In memory of
Victor J. Danilov
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In memory of
Victor J. Danilov
Dr. Victor J. Danilov was a journalist who became a university educator, science magazine editor, museum director and president, and author. He was the director and president of Chicago's Museum of Science and Industry from 1972-87 when numerous improvements were made, admission was free, and the museum became one of the most popular in the nation with an attendance of nearly 4 million in 1986. Among the innovations at the museum at the time were the addition of the space center and theater, new hands-on exhibits, major traveling exhibits, children's science exhibits and programs, distinguished science lecture series, building department and classes, development department membership program, and President's council and its annual Columbian Ball. In 1974, when Danilov was at the museum, he also was appointed by Chicago mayor Richard M. Daley to be chairman of the city's newly created Chicago Council of Fine Arts. Mayor Daley died several weeks later but Danilov was reappointed by three other mayors (Michael Bilandic, Jane Byrne, and Harold Washington) to continue for eight years as head of the agency that eventually developed into the city's Arts Council. Danilov was born in Farrell, PA on December 30, 1924. When he was five years old, he was stricken with polio. He was largely able to overcome its effects with the operation at Cleveland Clinic and the care that followed, and took an early interest in the newspapers and basketball. He became an honor student who started a junior high newspaper, became an editor of the Farrell High School newspaper, and played on the school basketball team that went to state finals and was named to the state All-Star team. He also work part time as a reporter for the Sharon (PA) Herald, the local newspaper. Danilov received a scholarship to Pennsylvania State University, where he edited the campus newspaper, played on the varsity basketball team, was a fraternity president, and was active in various student societies. He received a bachelors degree in journalism in 1945 in the two-year accelerated academic program during the world war years. He then enrolled in the Medill School of Journalism at Northwestern University and earned a masters degree in journalism in 1946. Danilov initially worked as a desk editor at the Youngstown Ohio Vindicator and reporter at the Pittsburgh Sun- Telegraph and Chicago Daily News. In 1950, he became a journalism instructor at the University of Colorado and then assistant professor of journalism at the University of Kansas the following year. It was during this time period that he wrote "Public Affairs Reporting," the first of the 28 books he authored over the years. In 1953, Danilov became a director of public relations at Illinois Institute of Technology Armour Research Foundation (now IIT Research Institute). He then left Chicago in 1957 to become director of the university relations and publications at the University of Colorado. This led to his appointment in 1962 as executive editor and vice president of the Industrial Research Inc., which published such science magazines as Industrial Research, Oceanology International, and Electro-Technology. He later became director of the company's annual "IR100" competition that honored the best science and industrial development every year. In 1964, Danilov also received his doctorate in education from the University of Colorado. In 1971, Danilov became vice president of the Museum of Science and Industry in Chicago. He was made director of the Museum in 1972 and then president and director in 1978. He retired in 1987 at the same time as his wife, Toni Dewey, who retired as the first woman officer of Motorola and the director of public relations and advertising. They moved to the Colorado foothills near Boulder. Danilov established and directed a summer Museum Management program for the museum director's and department heads at the University of Colorado, which he ran for 17 years. Dewey attempted to start a museum about Western women, but did not receive sufficient support. They then returned to the Chicago area in 2004, settling in Evanston, where Dewey died in 2014. Danilov continued to write books after returning to the Chicago area. 16 of his 28 books are about the history, collections, exhibits, and programs of the museums. They range from ethnic, corporate, and university museums to historic, science, and women's museums. His last book "Famous Americans", published in 2013, was devoted to persons considered "famous," such as former presidents, military leaders, movie stars, athletes, artists, and others from 26 fields. Danilov leaves two adult children, Duane P. Danilov in Wenatchee, Wash., and Denise S. Danilov in Durango, Colo., and a step son, Thomas J. Dewey, in Wildwood, IL. Graveside services will be held 10:00 a.m., Saturday, August 18, 2018 at Calvary Cemetery, 301 Chicago Ave., Evanston, IL 60202. Funeral arrangements by Wm. H. Scott Funeral Home. For information: 847-251-8200.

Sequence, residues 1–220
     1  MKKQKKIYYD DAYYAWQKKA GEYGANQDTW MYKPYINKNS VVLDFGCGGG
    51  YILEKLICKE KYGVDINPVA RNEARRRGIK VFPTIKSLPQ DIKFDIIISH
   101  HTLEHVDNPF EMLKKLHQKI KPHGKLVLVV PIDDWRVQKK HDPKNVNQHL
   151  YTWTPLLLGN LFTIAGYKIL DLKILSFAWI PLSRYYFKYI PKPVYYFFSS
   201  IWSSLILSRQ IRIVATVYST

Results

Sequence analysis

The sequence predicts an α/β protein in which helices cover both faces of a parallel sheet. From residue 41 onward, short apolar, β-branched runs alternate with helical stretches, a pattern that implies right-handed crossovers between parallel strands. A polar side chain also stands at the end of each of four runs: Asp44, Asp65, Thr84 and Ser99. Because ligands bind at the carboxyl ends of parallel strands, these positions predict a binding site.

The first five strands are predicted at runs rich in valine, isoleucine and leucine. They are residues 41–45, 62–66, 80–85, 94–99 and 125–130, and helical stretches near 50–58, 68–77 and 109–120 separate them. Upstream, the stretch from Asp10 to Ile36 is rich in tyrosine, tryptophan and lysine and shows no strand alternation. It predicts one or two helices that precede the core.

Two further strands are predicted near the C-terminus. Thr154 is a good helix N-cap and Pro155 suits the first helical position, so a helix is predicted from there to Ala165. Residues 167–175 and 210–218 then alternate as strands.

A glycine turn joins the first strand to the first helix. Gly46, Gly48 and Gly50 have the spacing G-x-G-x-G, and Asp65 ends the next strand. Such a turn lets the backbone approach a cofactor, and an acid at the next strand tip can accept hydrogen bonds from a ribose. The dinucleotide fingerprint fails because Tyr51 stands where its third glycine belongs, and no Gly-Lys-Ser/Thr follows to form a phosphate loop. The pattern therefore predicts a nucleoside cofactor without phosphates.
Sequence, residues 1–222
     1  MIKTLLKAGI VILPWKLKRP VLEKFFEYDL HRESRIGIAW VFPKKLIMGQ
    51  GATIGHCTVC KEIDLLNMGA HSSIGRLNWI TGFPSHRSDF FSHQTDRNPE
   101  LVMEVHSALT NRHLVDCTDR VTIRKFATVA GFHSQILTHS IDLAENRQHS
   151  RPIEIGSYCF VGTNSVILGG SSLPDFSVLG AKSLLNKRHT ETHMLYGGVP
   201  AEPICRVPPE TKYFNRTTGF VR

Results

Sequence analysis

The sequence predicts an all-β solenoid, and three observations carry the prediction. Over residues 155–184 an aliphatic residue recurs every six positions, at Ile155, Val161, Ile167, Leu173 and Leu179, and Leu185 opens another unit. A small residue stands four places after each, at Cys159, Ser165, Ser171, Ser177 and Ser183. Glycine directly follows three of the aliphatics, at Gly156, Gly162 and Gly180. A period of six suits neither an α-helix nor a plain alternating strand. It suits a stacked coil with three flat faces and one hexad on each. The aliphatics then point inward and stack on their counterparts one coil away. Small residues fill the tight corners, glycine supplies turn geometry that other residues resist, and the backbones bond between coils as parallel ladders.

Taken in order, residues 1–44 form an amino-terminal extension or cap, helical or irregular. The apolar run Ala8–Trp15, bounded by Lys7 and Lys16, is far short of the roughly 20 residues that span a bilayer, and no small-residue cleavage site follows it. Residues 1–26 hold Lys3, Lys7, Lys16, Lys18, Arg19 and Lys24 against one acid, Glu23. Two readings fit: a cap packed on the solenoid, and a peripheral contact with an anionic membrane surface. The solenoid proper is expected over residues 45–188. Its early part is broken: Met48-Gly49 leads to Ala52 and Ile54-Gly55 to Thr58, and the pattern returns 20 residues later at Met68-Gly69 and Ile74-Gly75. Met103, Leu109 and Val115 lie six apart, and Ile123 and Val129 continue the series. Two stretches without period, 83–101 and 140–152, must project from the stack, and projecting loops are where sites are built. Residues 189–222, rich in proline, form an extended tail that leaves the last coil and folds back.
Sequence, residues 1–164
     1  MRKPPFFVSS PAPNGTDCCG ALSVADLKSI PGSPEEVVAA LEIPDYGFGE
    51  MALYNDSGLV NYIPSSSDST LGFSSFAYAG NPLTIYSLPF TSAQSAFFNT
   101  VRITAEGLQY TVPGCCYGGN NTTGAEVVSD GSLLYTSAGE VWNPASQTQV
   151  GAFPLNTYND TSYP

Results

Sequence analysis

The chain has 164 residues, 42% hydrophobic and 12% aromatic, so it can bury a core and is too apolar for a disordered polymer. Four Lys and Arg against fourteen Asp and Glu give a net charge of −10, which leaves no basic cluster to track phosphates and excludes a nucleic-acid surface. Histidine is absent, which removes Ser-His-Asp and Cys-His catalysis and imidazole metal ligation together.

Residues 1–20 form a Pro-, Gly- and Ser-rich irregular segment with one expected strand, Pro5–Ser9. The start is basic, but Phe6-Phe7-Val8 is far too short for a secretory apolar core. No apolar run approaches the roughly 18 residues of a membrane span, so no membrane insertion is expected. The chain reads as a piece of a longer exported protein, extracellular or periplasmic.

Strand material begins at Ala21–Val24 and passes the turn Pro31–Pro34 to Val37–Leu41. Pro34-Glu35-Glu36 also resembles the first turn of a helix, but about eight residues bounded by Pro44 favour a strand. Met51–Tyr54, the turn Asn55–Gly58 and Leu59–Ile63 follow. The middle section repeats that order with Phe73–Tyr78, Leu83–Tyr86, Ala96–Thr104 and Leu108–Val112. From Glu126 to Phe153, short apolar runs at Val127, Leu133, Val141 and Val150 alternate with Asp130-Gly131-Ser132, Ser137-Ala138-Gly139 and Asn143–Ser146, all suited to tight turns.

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In memory of
Victor J. Danilov